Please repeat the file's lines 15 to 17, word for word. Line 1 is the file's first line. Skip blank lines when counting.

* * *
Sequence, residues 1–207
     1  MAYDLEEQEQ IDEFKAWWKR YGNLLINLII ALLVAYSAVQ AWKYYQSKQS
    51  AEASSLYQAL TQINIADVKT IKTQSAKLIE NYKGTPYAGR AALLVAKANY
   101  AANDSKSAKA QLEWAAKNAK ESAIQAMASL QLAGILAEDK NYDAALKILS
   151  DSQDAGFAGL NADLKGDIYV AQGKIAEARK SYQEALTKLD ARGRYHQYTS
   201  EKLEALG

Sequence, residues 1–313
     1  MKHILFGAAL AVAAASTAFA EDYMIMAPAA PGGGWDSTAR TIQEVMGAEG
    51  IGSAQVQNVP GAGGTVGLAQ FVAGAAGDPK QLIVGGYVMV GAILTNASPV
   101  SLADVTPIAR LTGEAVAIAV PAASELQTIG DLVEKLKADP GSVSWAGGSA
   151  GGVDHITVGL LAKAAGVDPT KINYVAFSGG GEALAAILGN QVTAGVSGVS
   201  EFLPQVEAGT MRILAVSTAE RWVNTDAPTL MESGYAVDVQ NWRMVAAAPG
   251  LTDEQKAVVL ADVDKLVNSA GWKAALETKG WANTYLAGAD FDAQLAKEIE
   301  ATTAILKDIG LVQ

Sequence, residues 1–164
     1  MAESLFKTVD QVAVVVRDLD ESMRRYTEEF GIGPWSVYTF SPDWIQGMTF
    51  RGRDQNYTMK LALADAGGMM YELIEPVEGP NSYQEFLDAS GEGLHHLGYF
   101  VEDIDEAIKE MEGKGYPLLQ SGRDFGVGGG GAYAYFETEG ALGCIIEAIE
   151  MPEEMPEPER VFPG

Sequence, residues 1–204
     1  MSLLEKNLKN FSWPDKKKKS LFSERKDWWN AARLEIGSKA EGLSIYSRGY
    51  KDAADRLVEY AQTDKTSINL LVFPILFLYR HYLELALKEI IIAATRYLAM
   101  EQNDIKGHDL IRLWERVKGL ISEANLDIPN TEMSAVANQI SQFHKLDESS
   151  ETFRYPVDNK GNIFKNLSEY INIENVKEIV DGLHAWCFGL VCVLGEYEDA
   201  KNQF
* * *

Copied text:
Sequence, residues 1–164
     1  MAESLFKTVD QVAVVVRDLD ESMRRYTEEF GIGPWSVYTF SPDWIQGMTF
    51  RGRDQNYTMK LALADAGGMM YELIEPVEGP NSYQEFLDAS GEGLHHLGYF